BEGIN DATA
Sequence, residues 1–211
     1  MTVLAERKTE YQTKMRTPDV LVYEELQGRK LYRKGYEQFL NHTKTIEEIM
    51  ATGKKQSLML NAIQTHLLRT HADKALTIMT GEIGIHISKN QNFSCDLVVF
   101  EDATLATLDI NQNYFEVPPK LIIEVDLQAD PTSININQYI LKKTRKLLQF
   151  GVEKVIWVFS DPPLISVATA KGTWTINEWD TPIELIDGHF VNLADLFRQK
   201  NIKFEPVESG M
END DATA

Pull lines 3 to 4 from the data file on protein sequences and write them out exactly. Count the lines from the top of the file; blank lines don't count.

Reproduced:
    51  ATGKKQSLML NAIQTHLLRT HADKALTIMT GEIGIHISKN QNFSCDLVVF
   101  EDATLATLDI NQNYFEVPPK LIIEVDLQAD PTSININQYI LKKTRKLLQF